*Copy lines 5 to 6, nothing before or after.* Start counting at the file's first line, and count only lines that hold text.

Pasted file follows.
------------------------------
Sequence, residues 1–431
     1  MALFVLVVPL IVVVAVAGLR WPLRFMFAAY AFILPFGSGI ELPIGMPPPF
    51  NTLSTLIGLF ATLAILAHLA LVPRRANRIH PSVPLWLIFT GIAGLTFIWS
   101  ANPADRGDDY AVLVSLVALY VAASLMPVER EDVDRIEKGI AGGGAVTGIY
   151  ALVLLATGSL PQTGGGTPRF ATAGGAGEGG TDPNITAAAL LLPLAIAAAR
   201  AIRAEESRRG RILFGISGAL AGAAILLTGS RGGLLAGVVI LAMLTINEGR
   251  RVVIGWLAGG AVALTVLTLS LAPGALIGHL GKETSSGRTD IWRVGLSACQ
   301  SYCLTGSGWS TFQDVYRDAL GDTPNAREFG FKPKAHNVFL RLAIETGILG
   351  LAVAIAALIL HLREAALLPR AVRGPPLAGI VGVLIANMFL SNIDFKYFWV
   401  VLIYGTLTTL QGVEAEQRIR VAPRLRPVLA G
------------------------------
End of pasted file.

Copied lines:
   151  ALVLLATGSL PQTGGGTPRF ATAGGAGEGG TDPNITAAAL LLPLAIAAAR
   201  AIRAEESRRG RILFGISGAL AGAAILLTGS RGGLLAGVVI LAMLTINEGR